AFL great Mark ‘Bomber’ Thompson has opened up about his remarkable road to recovery after his life spiralled out of control when he became hooked on ice following an illustrious playing and coaching career.
In an emotion-charged television interview on Monday, Thompson fought back tears as he revealed how earning the forgiveness of his two sons Michael and Daniel proved to be the turning point in getting his life back on track.
‘Maybe they thought they lost me a bit because I sort of went away from them. But I remember getting a message from (Michael) saying, “doesn’t matter Dad, we’re 100 per cent behind you” and I was so proud of the kid,’ he told A Current Affair.
‘To me that was like, so powerful, my child could do that for me. When I’ve probably given him a fair bit.’
AFL great Mark ‘Bomber’ Thomspon (pictured) has opened up his road to recovery after he was charged with drug possession
Mark Thompson and wife Jana’s (pictured together in 2014) marriage crumbled as his life unravelled following his departure from the AFL
The premiership player and coach’s spectacular fall from grace has been highly- publicised, culminating in the breakdown of his marriage and being charged with drug possession after police raided his Port Melbourne warehouse apartment.
Thompson became hooked on the drug ice through his housemate – a heavily-tattooed bikie associate – and told a court in 2019 how he was in a ‘bad place’ and used ice to ‘mask the pain’.
The 203-game player hit rock bottom when he was convicted for drug possession and placed on a 12-month community corrections order. His housemate was jailed for drug possession.
Thompson is still scarred by his ice-addicted past, refusing to answer questions when pressed about his drug usage, which he admitted was to ‘take away the pain’.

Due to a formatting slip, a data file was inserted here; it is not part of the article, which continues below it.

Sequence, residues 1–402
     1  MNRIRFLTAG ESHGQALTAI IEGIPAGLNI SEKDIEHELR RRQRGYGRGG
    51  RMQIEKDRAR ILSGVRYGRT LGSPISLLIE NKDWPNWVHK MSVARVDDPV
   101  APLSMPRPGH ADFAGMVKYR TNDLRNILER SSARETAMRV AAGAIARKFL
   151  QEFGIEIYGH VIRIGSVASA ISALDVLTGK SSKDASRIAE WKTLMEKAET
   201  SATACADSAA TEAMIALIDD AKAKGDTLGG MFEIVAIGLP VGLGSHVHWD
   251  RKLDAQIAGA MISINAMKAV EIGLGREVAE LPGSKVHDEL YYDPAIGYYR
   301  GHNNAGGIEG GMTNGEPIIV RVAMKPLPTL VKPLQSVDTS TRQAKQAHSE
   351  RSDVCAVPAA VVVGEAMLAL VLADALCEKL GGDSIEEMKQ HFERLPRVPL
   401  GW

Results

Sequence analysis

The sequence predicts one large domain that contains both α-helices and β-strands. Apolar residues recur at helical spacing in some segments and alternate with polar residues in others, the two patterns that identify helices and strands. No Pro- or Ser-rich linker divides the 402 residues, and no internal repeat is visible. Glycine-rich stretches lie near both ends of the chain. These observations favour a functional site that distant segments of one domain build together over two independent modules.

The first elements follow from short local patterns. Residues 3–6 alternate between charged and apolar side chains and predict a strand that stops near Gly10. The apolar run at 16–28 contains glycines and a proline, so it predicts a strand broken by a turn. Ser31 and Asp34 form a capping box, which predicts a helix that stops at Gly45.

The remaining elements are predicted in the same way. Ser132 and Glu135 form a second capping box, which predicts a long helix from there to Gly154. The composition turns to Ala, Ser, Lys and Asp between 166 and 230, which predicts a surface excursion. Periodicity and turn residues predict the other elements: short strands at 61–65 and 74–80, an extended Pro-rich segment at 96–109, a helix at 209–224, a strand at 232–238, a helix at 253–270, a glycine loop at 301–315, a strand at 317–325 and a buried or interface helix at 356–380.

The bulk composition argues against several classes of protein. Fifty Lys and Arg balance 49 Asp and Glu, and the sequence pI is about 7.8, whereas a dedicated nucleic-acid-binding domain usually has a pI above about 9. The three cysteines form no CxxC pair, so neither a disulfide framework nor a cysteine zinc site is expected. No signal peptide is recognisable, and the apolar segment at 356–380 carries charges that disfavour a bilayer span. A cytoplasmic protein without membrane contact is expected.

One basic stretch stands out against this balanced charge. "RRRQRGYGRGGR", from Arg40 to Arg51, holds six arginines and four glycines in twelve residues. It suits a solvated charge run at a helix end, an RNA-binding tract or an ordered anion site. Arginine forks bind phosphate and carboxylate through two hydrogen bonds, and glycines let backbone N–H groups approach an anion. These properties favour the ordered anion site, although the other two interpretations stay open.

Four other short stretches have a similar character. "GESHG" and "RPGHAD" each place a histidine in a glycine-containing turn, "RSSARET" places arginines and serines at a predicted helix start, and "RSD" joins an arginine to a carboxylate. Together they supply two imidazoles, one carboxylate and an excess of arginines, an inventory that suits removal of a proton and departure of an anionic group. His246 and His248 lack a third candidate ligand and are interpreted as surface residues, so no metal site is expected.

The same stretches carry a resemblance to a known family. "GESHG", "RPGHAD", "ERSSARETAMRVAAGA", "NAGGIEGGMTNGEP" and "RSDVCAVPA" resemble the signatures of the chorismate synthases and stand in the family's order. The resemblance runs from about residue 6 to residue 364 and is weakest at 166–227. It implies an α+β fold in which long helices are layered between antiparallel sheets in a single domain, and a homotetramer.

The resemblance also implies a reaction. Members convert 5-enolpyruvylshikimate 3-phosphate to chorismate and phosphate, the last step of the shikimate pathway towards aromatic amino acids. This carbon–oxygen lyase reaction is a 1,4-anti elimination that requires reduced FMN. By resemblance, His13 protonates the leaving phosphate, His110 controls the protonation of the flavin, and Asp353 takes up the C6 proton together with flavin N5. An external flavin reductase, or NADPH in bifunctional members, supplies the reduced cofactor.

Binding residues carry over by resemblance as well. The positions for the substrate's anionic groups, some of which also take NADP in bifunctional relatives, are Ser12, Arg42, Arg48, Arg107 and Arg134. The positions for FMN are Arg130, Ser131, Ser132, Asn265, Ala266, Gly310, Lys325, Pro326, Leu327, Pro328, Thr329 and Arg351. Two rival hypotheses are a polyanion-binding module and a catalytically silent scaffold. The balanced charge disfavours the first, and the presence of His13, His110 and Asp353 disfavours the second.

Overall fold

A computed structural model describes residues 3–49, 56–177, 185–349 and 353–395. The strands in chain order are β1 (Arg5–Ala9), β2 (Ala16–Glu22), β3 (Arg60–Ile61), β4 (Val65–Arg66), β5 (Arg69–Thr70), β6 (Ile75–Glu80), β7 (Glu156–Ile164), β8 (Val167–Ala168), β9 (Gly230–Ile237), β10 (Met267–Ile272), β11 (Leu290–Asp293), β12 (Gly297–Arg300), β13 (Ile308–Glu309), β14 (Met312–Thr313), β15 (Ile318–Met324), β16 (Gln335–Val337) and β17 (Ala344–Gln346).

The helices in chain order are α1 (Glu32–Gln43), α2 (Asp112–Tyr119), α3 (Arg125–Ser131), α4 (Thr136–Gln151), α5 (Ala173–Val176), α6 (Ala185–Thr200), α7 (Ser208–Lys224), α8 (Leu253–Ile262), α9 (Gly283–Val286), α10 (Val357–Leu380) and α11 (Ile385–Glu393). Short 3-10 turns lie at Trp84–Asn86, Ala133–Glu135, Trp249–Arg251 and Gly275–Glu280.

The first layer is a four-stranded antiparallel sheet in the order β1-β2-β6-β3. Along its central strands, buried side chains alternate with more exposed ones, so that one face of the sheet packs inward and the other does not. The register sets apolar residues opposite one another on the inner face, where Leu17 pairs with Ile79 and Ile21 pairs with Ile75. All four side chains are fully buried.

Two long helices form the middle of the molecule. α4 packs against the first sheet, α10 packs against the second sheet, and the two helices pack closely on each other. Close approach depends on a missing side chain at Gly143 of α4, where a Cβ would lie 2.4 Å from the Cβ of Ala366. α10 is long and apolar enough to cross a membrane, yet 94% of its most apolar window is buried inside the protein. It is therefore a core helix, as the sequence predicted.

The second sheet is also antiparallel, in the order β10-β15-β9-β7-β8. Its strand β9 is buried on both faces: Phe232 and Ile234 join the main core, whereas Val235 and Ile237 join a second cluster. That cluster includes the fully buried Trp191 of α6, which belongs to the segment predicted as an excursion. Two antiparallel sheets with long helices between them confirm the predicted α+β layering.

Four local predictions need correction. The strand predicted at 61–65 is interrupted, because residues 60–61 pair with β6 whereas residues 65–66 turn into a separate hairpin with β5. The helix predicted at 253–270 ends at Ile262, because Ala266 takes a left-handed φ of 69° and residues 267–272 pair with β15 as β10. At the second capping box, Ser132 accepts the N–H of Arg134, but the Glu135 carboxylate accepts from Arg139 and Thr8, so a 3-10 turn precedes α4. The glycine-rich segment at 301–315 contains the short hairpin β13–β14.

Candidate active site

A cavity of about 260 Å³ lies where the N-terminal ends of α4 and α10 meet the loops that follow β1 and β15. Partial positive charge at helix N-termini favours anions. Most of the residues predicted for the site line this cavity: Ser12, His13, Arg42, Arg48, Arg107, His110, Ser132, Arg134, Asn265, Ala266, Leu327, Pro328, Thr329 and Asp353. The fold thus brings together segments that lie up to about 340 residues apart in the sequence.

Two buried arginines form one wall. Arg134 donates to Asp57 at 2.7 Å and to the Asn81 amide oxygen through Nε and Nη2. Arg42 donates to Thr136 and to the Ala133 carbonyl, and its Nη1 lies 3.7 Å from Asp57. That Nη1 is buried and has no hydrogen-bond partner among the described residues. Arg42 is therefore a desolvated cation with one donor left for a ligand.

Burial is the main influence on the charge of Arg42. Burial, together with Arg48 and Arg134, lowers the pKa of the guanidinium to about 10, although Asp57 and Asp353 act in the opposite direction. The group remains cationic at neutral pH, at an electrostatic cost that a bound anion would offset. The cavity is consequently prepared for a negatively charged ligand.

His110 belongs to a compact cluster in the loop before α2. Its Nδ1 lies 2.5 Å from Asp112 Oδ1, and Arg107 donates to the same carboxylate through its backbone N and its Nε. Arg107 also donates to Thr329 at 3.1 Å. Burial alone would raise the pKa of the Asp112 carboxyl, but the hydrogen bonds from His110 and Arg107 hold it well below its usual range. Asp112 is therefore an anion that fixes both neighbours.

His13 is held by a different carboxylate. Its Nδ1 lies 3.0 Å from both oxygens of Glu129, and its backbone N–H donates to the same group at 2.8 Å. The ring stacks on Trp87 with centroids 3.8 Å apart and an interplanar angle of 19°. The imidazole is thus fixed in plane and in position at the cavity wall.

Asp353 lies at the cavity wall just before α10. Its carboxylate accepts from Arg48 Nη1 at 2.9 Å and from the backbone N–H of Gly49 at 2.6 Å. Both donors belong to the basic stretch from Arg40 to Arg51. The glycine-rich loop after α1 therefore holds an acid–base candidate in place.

‘Does it matter? To me, it doesn’t matter. It’s irrelevant. I openly admitted I was on it and it was a long time ago. And I don’t want to go back there. I don’t like talking about it much. It’s not part of who I am going forward,’ he said.
Thompson had turned to drugs after being left feeling ‘completely lost’ and without ‘much hope for the future’ when he was diagnosed with post traumatic stress disorder.
Thompson told A Current Affair on Monday night how he was ‘completely lost’ after his life spiralled out of control when he was diagnosed with post traumatic stress disorder
The Essendon Bombers drugs supplements scandal was a tipping point for Thompson, who felt he was ‘part of a regime that was maybe not supporting our players’.
Thirty-four Bombers players were banned for two years following the supplements scandal in 2012, with head coach James Hird sacked by the club and Thompson – then assistant coach – slapped with a $30,000 fine.
Thompson quit the sport and was later diagnosed with post traumatic stress disorder, which sent his life spiralling into dark spaces.
‘I was completely lost. I lost faith in everything and in the end I didn’t have much hope for the future. I was fighting a fight I couldn’t win,’ he said.
Thompson began seeing psychologist Sandy Rea in early 2018, who he credits with bringing him back on track after diagnosing him with PTSD.
He now spends his days working with his family in a workshop in Airport West.
Thompson (pictured during an Essendon match in July 2011) was fined $30,000 for his role in the Essendon supplement scandal
Mark Thompson (pictured left) with Geelong Cats captain Tom Harley after winning the 2007 AFL Grand Final at the MCG
The former electrician is making resin tables in the factory with his brother Steven and has reconnected with his family including his ex-wife and three children.
Despite their split, Thompson’s ex-wife Jana and his children supported him through his battle in court.
Thompson was one the biggest stars in the AFL in the 1980s and early 1990s, where he won three premierships with the Bombers in 1984, 1985 and 1993.
He played 203 games and booted 50 goals for the Bombers until he retired in 1996.
He took up the reins as coach of Geelong in 2000 and eventually led them to Grand Final success in 2007, before a second premiership in 2009.
Thompson quit his job with the Cats in 2010, but only months later returned to the AFL to be a mentor to James Hird at Essendon.
Thompson took up a commentary role with Fox Footy following his retirement from coaching at the end of the 2014 season.